In my Upper East Side apartment, boxes are stacked high. The living area, a small, narrow rectangle, is practically unlivable with barely any space to turn around. I tried to keep the square cardboard containers that hold my things organized by piling them as close to the walls as I could. But slowly they creeped out, forming a long and narrow pathway through the 700-square-foot space with tiny off-ramps to the kitchen, bedroom, and bathroom. I need a GPS to navigate it, let alone figure out which box holds my bathroom towel or olive oil or laptop charger.
Two weeks ago, I walked into this empty space alone and fell in love. The blue and white backsplash in the kitchen, the giant arched window that led out onto the street, and the slightly creaking wooden floors all gave the place character, made it all feel a little more homey. The 10-foot tall ceilings were an open sky I could breathe into and as a six-foot-tall woman, I appreciated that. The closet space felt massive and deep, like maybe in some universe the children of Narnia might be tucked away in the back, exploring the corners of Archenland.
But now, all moved in, the ceiling feels so close, with box after box encroaching on what once felt like a room full of possibilities. The closet no longer held fantasy dreams, but instead was cramped with more boxes I had shoved away, collecting dust unused. The floorboards that went on forever only complained more with the extra weight they held. And the light that used to flood in from the beautiful pre-war window was blocked by my suffocating belongings. I couldn’t see the backsplash I fell in love with. The kitchen felt too small, too cramped to cook in. This place has somehow lost its homey character when filled with things that once made my home.
And so I closed my eyes and went home. Well, at least to my childhood home. And when I did, one recurring memory came to mind.
It’s a Sunday, normally in the fall or winter. School is tomorrow so I’m trying to enjoy the last few hours of free time. Football is on the TV, but I’m not really paying attention. I can distantly hear the blows of whistles, screams of the crowd and the dun, dun, dun of the NFL theme music. But the one thing that really transports me home is the smell of my mom’s meatballs. Slowly simmering all day in a huge pot, the mix of meat, spices, cheese, and breadcrumbs are pure nostalgia. I can see the splatter of red sauce on the stove, deep, red and burnt onto the surface. I sneak a half of a meatball as a pre-dinner snack, eating it with an open mouth as steam comes off of it. Although it burns, the tender and juicy flavor of the peppery, saucy meat make it worth it.
I open my eyes, returning to my current home with a craving for those meatballs. A small tinge of hope bubbles inside me. Maybe meatballs could turn this strange space, far away from what I knew, into a home.

I dash off to the store and grab all the ingredients from memory: ground veal, pork, and beef, parmesan cheese, dried oregano, fresh parsley, Italian breadcrumbs, eggs, salt, and pepper. I mix everything together, of course without measurements (do any Italian family recipes have measurements?) and start rolling the balls.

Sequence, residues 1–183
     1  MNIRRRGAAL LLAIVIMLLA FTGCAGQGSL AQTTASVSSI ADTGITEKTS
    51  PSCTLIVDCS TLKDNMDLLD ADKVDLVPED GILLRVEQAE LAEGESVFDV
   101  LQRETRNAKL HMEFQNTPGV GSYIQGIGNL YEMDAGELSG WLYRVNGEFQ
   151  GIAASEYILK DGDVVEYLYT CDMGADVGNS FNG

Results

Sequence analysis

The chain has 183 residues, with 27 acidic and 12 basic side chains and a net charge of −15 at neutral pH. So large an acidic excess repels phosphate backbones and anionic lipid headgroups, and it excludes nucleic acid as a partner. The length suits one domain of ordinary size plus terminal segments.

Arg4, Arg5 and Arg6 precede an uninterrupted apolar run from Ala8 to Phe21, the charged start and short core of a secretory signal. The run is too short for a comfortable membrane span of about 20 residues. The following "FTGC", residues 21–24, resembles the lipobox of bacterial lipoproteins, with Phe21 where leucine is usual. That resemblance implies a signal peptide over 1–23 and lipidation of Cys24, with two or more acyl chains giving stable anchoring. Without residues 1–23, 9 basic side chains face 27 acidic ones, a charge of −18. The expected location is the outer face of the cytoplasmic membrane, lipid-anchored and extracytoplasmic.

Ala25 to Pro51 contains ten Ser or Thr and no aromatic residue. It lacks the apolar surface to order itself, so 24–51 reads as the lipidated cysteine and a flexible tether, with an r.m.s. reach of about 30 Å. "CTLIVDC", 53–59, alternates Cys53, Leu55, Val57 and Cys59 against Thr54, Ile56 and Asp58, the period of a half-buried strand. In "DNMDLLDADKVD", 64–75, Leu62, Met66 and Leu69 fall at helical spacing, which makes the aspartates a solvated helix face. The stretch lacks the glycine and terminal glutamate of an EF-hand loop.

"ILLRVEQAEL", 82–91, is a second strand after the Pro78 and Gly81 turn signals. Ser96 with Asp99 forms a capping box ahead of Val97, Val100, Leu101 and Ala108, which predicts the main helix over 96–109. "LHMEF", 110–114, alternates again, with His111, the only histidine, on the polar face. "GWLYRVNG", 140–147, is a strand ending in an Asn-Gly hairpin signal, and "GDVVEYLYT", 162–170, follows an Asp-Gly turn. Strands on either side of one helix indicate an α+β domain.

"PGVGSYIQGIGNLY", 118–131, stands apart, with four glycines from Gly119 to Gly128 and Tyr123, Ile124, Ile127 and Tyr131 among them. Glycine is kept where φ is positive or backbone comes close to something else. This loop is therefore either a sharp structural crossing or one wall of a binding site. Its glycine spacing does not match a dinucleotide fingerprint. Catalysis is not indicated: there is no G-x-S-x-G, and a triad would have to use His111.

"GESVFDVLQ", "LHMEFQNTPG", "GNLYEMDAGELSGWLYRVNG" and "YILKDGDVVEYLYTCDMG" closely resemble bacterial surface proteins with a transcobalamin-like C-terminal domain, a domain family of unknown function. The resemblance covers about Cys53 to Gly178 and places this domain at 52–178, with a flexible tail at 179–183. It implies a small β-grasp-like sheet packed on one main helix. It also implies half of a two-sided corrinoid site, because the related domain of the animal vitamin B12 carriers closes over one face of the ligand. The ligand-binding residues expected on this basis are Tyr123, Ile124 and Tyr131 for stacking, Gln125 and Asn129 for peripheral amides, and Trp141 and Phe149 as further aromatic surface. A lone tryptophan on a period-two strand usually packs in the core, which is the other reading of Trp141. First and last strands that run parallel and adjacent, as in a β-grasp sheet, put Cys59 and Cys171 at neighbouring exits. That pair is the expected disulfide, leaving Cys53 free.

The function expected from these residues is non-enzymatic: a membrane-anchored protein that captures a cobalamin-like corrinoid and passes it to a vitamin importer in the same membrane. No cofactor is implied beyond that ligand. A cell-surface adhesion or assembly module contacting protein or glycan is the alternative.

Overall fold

As a kid when my mom needed us to help her with this part, it was so annoying. The sticky mixture would get between all of my fingers and I couldn’t even lick the bowl, like I could (and would!) when helping with brownies. But now I find it therapeutic, a repetitive activity making identical spheres until the big pile of meat turns into dozens of little balls.
I pop them all into the oven, and 20 minutes later, I slide them out with a whoosh of heat. I know I did it right as some of the fat from the meat had leaked out. Perfect, I thought, just how mom does it. I plop them into the sauce I made cooking in the red hand-me-down Dutch oven and let them simmer away. I scrape in all the drippings too.

As big bubbles blubble up from the bottom of the pot, pockets of steam puff out into the air. It travels from the kitchen and cloaks the rest of the apartment. It wafts in between the boxes, up to the ceilings, around my furniture. It floats underneath the floorboards, around the blue backsplash, and into the closets. It coats the arched window, the bedroom, my clothes and towels. Soon, the smell disappears as I grow used to it, it almost becomes one with the rest of the space.
I pluck out a little meatball from the pot and put it into a tiny bowl. This time around I don’t have to breath-eat it, hoping my mom doesn’t come around the corner to see me ruining my supper while scathing my mouth. Because this time, I’m the cook, but I’m also responsible for the splatter of sauce on the counter, which I will later clean up when I locate the paper towels and cleaning spray.
I close my eyes and take a small bite and go right back to those football Sundays. That feeling of enjoyment and relaxation. That feeling of safety and comfortability. I open my eyes, looking around at the place I currently am living, boxes stacked high, belongings out of sorts, closets overflowing, and I know that I am home.


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